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Are you still eating this proven cancer-causing food?
If you want to reduce your risk of developing breast cancer — and the risk of it metastasizing to your lungs — give up sugar. Now. It’s that plain and simple.
But don’t take my word for it. Listen to the experts…
“We found that sucrose intake in mice comparable to levels of Western diets led to increased tumor growth and metastasis, when compared to a non-sugar starch diet,” said Peiying Yang, Ph.D., assistant professor of Palliative, Rehabilitation, and Integrative Medicine.
Dr. Yang was part of a group of scientists who conducted a study at the University of Texas MD Anderson Cancer Center. The team conducted four different studies in which mice were randomized to different diet groups and fed one of four diets. At six months of age, 30 percent of mice on a starch-control diet had measurable tumors, whereas 50 to 58 percent of the mice on sucrose-enriched diets had developed mammary tumors. The study also showed that numbers of lung metastases were significantly higher in mice on a sucrose- or a fructose-enriched diet, versus mice on a starch-control diet.
It’s no secret that sugar feeds cancer, but no previous studies had investigated the direct effect of sugar consumption on the development of breast cancer using breast cancer animal models or examined specific mechanisms.
“The current study investigated the impact of dietary sugar on mammary gland tumor development in multiple mouse models, along with mechanisms that may be involved,” said co-author Lorenzo Cohen, Ph.D., professor of Palliative, Rehabilitation, and Integrative Medicine. “We determined that it was specifically fructose, in table sugar and high-fructose corn syrup (HFCS), ubiquitous within our food system, which was responsible for facilitating lung metastasis and 12-HETE production in breast tumors.”
Sugar—proven cancer generator
This study appears to conclusively identify sugar consumption — specifically table sugar and high-fructose corn syrup — as a major risk factor for breast cancer and its metastasis. And Americans are especially at risk because we consume 30 percent more fructose than we did 20 years ago, and the amount has increased year after year.
The per capita consumption of added sugars in the U.S. has surged to over 100 lbs. per year and an increase in consumption of sugar-sweetened beverages has been identified as a significant contributor to an epidemic of obesity, heart disease and cancer worldwide.
The World Health Organization recognizes the danger and recommends that sugar intake make up “less than 10% of total energy intake per day.” Even better, the WHO would like to recommend that adults reduce their daily sugar intake to only 5% of total daily calories. Based on a 2,000 calorie daily diet that would be only consuming about 25 grams of sugar (6 teaspoons) per day.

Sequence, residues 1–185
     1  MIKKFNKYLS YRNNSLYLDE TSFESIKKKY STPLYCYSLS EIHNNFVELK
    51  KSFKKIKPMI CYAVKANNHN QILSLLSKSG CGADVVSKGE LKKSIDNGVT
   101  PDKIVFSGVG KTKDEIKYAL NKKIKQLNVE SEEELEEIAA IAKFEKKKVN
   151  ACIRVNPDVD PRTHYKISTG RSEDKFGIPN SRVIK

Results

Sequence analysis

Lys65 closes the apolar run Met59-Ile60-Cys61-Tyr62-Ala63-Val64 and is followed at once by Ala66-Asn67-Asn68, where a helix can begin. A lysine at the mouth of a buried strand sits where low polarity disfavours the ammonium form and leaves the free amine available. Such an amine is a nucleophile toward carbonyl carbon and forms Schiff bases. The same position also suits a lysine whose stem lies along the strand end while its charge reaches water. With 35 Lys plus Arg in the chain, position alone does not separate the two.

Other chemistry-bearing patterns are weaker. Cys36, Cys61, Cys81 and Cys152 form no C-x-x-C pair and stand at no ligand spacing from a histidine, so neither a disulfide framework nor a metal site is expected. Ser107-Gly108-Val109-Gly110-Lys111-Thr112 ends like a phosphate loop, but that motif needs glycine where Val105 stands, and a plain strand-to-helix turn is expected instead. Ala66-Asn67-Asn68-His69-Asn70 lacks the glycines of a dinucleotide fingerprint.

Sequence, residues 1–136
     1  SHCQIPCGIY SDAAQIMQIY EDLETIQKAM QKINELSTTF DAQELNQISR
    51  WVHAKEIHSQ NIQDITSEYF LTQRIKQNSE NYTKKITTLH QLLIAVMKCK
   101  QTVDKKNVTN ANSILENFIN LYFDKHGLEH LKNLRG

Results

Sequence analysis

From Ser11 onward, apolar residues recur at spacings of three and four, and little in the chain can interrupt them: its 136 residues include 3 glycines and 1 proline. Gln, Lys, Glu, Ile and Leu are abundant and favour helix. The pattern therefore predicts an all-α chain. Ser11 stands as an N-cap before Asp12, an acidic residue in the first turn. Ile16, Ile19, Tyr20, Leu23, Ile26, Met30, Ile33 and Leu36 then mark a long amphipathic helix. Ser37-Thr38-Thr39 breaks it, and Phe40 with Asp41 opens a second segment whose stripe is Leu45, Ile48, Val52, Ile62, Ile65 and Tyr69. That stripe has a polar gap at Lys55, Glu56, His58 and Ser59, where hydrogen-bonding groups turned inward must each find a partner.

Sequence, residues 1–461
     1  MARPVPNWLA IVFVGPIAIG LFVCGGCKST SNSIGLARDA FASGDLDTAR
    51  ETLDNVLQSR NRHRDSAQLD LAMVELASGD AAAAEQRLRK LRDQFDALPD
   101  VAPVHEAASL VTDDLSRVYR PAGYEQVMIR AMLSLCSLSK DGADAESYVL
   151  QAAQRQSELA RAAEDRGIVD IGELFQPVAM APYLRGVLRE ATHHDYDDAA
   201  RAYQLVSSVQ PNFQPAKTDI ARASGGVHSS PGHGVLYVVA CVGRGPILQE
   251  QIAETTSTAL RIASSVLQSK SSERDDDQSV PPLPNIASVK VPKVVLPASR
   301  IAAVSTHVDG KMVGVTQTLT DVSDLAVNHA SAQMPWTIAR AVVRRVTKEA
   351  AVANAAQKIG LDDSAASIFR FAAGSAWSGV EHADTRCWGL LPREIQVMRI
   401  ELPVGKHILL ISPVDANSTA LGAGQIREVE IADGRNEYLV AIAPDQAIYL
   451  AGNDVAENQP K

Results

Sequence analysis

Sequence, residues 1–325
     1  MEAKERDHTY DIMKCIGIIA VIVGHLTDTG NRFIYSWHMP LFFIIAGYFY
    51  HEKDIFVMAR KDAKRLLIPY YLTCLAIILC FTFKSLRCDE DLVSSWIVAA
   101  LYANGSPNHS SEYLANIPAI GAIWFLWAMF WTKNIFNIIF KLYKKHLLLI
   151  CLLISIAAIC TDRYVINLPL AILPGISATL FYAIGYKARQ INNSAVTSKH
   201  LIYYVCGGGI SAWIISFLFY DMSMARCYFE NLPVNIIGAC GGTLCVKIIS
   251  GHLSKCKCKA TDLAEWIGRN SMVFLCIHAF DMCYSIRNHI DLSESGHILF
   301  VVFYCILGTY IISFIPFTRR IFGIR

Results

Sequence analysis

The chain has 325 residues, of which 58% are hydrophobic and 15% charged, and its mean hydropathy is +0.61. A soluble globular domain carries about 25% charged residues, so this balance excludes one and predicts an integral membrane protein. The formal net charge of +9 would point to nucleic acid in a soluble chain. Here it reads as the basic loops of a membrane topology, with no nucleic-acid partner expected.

You may think limiting your sugar consumption to just 6 teaspoons a day would be impossible. But here’s why it’s so important…
According to Dr. Michael Cutler, sugar is like fertilizer for cancer cells. The reason is that cancer cells have more than six times the insulin receptors on their cell surfaces and more than 10 times the insulin-like growth factor receptors as compared to normal cells. This makes cancer cells more than 16 times hungrier for sugar. So what CAN you do to break the sugar-cancer link? Starve it.
One of the many effective cancer strategies Dr. Cutler recommends is CAAT therapy just for that reason.
The therapy is built around the findings of Nobel Prize winner, Otto Warburg., M.D., who discovered about 90 years ago that all cancer cells produce inordinate amounts of lactic acid because they do not receive sufficient amounts of oxygen. To survive and thrive they break down glucose into lactic acid and then glycogen. Therefore glycolysis (creating energy from sugar) is the cancer cell’s major source of energy. You can read more about CAAT therapy in Surviving Cancer (click here to get a copy).
Sugar hiding in plain sight
Now do you understand the sugar-cancer connection? It’s imperative to cut down on your sugar consumption by avoiding added sugars. But first you have to know where it hides — and the many aliases food manufactures use to trick you into buying it, including:
- corn sweetener
- corn syrup
- fruit juice concentrate
- high-fructose corn syrup
- invert sugar
- malt syrup
And don’t be fooled by foods with sugars that sound inviting and wholesome, like “brown sugar” and “raw sugar.” Those are just names meant to fool you into thinking they’re more natural when they’re not. The foods you’ll find the most added sugars in (by the names listed above) include soft drinks, fruit juices, candy, baked goods, fruits canned in syrup, low-fat or diet foods and dried fruits.
The good news is that fresh, whole foods like fresh fruits and vegetables, even though they have sugars, and fructose in the case of fruit, aren’t on any “bad” list.